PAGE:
Conversation with Prof. Misra on the IITK-VT Partnership

I had the pleasure of spending today with Prof. Sudhir Misra (Co-PI of the IITK-VT Partnership), during which we held a number of meetings with senior faculty at Virginia Tech focused on the future activities of the IITK-VT Partnership. Prof. Misra also provided a guest lecture in the graduate course on Advanced Urban Infrastructure Planning (UAP5854) – the first course at VT to be associated with the IITK-VT partnership. In between these events, we were able to find ten minutes during which I asked Prof. Misra several questions about what the IITK-VT partnership has accomplished and where we plan to take the partnership in the future. The video below captures our conversation that I recorded using Google Glass and edited in Camtasia.

Using Glass at VT

In the video below, Brian Mathews and I provide some insight into how faculty and students are using Google Glass at Virginia Tech.

[Acknowledgments: I’d like to thank Carlos Waters for his help in editing the above video. I’d also like to thank Virginia Tech’s Networked Learning Initiatives and InnovationSpace for the resources they have made available for members of the VT Glass team.]

For additional information on how faculty and students are using Glass at Virginia Tech, see the recently published Tech Teams White Paper.


Developing Glass Videos

This past week, I enjoyed working with Carlos Waters (VT InnovationSpace), Shelli Fowler (Director, Networked Learning Initiatives – NLI), and Jacques Walker (NLI) on developing the outline for several videos that will document how I’m using Glass to advance learning in my courses. I will post these videos as soon as they are ready for distribution. 


#IfihadglassVT Competition

IMG_20130805_115543_693The VT Glass Explorer Team recently received a number of invitations to invite new people to join the Google Glass Explorer program. We have at least nine invitations available and will offer them to the best response we read to the hashtag #IfihadglassVT 

This competition is open to all VT students, faculty, and staff. To be considered for one of the invitations, you need to post your #IfihadglassVT response to Twitter or Google+ by 12pm on Friday, March 7. If selected, you will be responsible for covering the cost of the Glass device ($1,500 + tax and shipping).

If you are a VT student, I encourage you to “pitch” your Glass-related research ideas to your advisor with the objective of securing research funds to cover the cost of the device  😉

We look forward to growing the VT Glass Team and seeing how you would Invent the Future!

New Google+ WASH Community

This semester I’m going to use a Google+ community to support my course on Water Supply and Sanitation in Developing Countries. Whereas the community I created last semester for my sustainability seminar was private, this WASH (water, sanitation, and health) community will be open for anyone to join.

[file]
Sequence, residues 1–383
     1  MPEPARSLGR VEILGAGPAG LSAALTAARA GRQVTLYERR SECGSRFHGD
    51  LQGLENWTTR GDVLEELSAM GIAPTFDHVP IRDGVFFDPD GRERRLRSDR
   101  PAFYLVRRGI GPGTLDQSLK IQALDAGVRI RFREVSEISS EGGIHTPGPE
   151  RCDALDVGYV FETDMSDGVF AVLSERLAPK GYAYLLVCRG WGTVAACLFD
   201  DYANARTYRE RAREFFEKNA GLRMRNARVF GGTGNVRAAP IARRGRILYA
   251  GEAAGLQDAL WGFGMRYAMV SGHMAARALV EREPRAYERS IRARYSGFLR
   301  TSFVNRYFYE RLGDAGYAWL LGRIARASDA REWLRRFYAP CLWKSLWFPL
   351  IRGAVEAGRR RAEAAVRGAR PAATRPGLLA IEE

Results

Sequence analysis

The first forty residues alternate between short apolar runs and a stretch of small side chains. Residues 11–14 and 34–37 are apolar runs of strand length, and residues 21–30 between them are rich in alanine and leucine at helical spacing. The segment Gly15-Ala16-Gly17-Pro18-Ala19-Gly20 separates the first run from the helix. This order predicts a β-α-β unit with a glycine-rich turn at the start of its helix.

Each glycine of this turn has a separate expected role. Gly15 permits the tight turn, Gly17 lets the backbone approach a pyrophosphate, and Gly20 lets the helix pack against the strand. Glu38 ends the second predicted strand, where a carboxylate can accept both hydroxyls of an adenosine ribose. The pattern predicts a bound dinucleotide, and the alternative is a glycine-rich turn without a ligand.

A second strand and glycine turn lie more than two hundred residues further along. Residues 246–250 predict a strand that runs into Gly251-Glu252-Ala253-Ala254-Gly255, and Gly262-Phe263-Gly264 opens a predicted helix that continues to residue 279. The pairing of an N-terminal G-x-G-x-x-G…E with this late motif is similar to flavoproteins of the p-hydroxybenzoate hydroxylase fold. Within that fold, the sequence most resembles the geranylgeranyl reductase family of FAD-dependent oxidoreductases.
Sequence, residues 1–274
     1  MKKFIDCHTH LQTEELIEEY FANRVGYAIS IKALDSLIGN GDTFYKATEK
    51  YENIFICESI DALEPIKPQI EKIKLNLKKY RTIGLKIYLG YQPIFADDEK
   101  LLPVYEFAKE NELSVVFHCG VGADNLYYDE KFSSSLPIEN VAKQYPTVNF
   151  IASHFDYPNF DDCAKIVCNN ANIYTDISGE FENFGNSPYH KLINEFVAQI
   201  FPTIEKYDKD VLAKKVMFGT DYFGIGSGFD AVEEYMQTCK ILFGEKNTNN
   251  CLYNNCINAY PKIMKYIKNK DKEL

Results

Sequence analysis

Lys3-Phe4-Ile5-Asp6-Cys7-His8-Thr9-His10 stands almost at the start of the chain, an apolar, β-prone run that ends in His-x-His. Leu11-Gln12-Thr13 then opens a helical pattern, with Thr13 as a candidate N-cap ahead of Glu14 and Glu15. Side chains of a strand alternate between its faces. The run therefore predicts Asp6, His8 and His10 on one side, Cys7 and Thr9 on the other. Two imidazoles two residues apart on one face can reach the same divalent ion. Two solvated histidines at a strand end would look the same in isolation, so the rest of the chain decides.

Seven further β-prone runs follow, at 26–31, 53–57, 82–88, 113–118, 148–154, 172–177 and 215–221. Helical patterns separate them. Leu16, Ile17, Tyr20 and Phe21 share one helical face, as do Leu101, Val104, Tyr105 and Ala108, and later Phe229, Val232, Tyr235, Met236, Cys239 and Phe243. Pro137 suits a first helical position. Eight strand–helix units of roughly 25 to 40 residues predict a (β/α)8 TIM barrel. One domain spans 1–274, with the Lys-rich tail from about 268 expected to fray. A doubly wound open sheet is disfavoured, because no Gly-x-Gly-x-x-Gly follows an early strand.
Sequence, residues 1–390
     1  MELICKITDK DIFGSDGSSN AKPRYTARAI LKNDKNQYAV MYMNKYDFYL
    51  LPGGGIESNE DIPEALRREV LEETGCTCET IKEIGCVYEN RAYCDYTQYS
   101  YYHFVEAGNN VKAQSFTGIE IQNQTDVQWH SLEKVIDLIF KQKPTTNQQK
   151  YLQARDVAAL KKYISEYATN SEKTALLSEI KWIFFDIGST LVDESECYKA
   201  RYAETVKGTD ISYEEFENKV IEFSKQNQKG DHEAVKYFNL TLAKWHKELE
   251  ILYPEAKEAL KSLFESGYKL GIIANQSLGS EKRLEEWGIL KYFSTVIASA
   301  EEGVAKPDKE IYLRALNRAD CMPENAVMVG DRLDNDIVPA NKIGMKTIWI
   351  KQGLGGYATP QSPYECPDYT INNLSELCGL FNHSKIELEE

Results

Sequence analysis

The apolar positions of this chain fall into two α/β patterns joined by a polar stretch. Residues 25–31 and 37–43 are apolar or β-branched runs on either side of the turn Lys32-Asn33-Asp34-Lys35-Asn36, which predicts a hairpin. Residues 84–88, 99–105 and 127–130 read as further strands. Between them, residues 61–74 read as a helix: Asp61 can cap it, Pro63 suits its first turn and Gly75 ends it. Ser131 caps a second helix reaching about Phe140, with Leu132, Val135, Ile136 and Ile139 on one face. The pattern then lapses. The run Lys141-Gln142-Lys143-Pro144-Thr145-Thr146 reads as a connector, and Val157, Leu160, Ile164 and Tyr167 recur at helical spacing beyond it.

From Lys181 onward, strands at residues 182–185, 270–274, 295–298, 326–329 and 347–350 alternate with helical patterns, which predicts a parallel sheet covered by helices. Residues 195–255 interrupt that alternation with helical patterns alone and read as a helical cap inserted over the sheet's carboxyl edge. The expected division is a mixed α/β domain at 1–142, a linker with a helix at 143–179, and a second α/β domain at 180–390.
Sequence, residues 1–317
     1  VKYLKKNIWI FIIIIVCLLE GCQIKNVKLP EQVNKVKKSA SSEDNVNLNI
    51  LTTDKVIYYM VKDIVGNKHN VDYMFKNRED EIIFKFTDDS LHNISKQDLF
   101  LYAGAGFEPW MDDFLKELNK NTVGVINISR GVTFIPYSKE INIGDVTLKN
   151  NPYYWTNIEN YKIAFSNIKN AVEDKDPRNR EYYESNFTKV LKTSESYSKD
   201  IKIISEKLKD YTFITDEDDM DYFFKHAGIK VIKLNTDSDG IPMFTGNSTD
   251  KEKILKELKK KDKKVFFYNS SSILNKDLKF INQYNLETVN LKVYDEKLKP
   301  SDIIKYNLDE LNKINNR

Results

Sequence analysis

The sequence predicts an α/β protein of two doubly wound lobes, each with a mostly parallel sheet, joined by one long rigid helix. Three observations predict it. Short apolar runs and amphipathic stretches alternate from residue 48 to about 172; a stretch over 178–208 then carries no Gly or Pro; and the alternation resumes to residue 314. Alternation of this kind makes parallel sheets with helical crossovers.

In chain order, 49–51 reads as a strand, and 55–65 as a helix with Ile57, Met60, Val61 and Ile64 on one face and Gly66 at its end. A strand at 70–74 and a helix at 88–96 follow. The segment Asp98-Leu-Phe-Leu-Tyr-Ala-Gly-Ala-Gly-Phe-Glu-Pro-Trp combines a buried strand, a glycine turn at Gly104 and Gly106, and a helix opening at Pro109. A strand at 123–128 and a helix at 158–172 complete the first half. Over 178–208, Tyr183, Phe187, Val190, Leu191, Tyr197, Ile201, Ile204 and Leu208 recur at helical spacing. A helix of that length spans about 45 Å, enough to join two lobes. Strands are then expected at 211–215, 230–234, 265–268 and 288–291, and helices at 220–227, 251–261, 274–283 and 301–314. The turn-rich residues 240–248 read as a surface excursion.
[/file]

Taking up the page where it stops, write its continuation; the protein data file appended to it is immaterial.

My transition to using Google Apps is fueled by my interest in using Google Glass in education. While the VT Glass Team is still working on an App that I can use during my class (more to come on this), I have had some initial success in recording assignment-feedback videos for students. This semester I have teamed up with Mary English in VT’s Network Learning Initiatives, to formally evaluate my video feedback process. I am aware that there are many ways in which video feedback could be provided, but the Google Apps and Glass platform does make the process easy and therefore doable. I also believe that this use of Glass is one area where the device can add real value in an educational setting.

Since the assignment-feedback videos are privately shared with each student (via their Google+ account), they will not be available on the Google+ WASH community. However, I plan to post videos that discuss new WASH material that will be of interest to my students. These videos will provide a sense of how the assignment-feedback videos work in practice. I will share the results from our formal evaluation of this application of Glass as soon as they are available.

Prescription Lenses for Google Glass

5After a couple of months of searching, Dr. Steve Jacobs and I found a way to create a pair of prescription lenses for my Google Glass device. The final product has a kind of industrial edge to it that I rather like. The clip-on lenses match the curvature of the frame, so they look great. This is also the first time I have had a pair of wraparound lenses, so I have improved peripheral vision while wearing them. The first couple of times I wore them, it did take a little while for my eyes to adjust to the optics of the lenses, but this was not a major issue. Since I was not happy with the various contact lenses I tried, I was wearing Glass over my normal prescription frames. This was slightly uncomfortable and meant I did not always have a complete view of the Glass prism. Since the new clip-on lenses firmly clip into the frame, there is no movement to distort the image.